The theme of the old world versus the new is constant in this film. Old superstitions and work ethic prove to be the key for a contemporary young girl, both to survive and to grow as a person. Miyazaki's luminescent, gorgeously crafted world is relatively safe for children, but it also acknowledges blood, pain, dread, and death in ways that other animated films wouldn't dare. Movies about ghost towns were never this satisfying.
The Tale of the Princess Kaguya
One of the best-looking animated films yet made, probably to ever be made. The watercolour art is so distinct and amazing and Isao Takahata expertly bends reality to reflect the main character’s state of mind. The world sharpens and details itself as she grows older, and when she experiences massive distress, everything disintegrates into an incorrigible scribble. The whole movie builds to a dramatic, heartbreaking finale, one which serves as a flawless statement on life’s beautiful ephemeral quality.
5 Centimeters Per Second
5 Centimeters Per Second is a fantastic example of Makoto Shinkai's trademark visual nuance and ability to reveal extreme beauty in the mundane. Every detail is beautifully crafted, from colours to textures to angles. The plot impressive even though it is the simple story of lost love between two elementary school sweethearts. The film can make you feel lonely and nostalgic, just like the bittersweet transience that is life.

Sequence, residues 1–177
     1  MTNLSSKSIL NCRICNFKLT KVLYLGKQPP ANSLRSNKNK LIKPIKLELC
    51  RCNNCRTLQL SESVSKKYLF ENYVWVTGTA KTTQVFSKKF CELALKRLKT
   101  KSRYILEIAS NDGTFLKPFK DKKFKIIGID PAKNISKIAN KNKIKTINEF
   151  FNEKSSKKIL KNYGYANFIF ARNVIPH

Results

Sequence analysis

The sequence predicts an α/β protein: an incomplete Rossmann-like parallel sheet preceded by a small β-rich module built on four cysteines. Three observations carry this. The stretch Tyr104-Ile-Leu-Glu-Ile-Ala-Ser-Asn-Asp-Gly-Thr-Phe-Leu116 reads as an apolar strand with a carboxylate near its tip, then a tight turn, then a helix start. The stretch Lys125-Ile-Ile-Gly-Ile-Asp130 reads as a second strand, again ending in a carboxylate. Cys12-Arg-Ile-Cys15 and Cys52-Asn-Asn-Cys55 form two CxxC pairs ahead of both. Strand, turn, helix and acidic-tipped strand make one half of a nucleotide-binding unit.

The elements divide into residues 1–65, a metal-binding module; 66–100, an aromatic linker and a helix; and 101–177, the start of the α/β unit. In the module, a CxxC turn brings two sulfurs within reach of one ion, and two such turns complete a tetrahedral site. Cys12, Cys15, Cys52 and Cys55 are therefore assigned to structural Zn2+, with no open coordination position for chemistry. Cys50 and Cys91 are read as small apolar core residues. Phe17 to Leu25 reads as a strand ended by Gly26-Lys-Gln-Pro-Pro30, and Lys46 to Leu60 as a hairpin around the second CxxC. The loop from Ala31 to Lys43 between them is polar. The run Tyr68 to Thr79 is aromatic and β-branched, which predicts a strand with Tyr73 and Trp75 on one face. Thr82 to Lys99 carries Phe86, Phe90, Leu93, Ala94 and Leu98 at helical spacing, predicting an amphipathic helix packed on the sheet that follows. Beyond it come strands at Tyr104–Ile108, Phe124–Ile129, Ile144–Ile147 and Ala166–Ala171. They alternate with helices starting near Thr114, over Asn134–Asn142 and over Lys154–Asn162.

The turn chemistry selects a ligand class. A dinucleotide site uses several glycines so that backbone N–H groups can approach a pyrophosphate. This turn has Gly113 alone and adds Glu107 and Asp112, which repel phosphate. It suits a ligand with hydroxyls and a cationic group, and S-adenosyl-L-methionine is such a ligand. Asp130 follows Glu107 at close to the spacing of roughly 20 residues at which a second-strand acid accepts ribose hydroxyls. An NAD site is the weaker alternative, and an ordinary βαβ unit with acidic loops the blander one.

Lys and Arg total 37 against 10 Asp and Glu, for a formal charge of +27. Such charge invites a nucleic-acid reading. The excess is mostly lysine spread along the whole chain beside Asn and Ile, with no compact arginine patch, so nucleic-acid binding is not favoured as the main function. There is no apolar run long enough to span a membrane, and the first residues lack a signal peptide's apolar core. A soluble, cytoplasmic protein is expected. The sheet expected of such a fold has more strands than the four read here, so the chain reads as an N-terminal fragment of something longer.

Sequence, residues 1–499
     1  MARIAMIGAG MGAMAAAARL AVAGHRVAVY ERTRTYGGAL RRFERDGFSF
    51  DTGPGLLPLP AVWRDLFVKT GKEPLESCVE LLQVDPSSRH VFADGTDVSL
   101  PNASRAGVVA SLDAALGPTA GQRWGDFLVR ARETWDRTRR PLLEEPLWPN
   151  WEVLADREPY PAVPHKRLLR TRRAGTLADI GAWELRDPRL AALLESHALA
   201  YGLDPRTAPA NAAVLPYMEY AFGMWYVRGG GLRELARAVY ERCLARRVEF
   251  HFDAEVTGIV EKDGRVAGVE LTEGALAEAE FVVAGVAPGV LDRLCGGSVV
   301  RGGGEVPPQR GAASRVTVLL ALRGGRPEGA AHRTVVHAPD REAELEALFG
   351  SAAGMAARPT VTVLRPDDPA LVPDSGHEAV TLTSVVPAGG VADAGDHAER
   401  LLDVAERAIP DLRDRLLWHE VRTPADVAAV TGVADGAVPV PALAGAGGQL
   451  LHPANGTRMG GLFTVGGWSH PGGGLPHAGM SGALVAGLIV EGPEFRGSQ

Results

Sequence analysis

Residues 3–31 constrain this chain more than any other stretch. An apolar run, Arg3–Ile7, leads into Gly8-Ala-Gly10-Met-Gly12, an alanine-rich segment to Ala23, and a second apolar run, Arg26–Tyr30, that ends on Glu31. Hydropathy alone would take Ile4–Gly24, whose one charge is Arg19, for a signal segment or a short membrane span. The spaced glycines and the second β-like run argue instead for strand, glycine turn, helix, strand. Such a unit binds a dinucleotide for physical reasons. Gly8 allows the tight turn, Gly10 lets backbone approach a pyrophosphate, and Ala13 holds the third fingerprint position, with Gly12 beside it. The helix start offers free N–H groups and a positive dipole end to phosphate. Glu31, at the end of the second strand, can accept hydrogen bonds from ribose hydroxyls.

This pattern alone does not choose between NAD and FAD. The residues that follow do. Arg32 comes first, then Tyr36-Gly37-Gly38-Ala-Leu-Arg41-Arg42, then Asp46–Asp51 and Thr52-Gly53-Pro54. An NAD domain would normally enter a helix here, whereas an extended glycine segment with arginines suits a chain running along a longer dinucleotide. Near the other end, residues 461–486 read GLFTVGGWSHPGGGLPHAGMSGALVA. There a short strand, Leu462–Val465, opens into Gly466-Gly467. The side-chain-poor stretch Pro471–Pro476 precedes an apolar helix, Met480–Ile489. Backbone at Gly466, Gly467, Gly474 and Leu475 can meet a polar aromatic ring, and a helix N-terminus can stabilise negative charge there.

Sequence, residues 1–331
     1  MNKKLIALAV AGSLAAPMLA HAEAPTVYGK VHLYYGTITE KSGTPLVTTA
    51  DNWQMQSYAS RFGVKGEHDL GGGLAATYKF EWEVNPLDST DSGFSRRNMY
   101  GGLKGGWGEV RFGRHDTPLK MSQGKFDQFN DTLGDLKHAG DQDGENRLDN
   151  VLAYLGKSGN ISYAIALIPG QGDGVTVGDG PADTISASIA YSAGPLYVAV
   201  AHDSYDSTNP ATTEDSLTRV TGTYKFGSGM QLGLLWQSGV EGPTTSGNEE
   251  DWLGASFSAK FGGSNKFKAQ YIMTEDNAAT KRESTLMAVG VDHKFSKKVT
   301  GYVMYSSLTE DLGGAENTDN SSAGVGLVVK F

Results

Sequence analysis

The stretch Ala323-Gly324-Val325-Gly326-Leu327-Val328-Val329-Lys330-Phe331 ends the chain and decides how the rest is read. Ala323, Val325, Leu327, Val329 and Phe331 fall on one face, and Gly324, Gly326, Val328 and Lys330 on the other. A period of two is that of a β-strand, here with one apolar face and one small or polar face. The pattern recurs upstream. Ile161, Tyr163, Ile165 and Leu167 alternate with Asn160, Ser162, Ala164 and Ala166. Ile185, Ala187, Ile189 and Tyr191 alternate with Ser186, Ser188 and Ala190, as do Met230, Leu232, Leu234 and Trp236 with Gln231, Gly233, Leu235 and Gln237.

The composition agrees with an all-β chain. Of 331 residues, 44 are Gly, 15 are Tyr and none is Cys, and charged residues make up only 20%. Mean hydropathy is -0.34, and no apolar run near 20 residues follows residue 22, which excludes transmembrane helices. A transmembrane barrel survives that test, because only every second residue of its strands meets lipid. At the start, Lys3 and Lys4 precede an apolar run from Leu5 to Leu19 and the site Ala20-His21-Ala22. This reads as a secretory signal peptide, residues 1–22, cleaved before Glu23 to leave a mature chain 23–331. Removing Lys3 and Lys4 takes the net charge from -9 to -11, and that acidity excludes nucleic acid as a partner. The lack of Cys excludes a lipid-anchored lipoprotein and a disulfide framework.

Keiichi Hara’s 2010 film, Colorful, is a stark and beautiful story of a wayward soul who, after arriving at the half-way station of the afterlife, is gifted with the opportunity to regain its life by reincarnating in the body of a suicide victim. Placed in the body of middle school student Makoto Kobayashi, the soul is granted six months to solve the mystery of its own death and in doing so rediscover the intrinsic value of life itself. Colorful, in spite of its name, is a movie that tackles heavy topics such as the societal pressure to succeed and conform, adultery, depression, and suicide, albeit with an ultimately a life-affirming tone. Taut with emotional tension and existential nuance, this is a must watch for all those who enjoy movies that make you think.
Anime films cannot be tagged with cartoon or lumped in the same genre. They are sophisticated, intricate, well-written stories, which are not 'only for children'. Happy watching.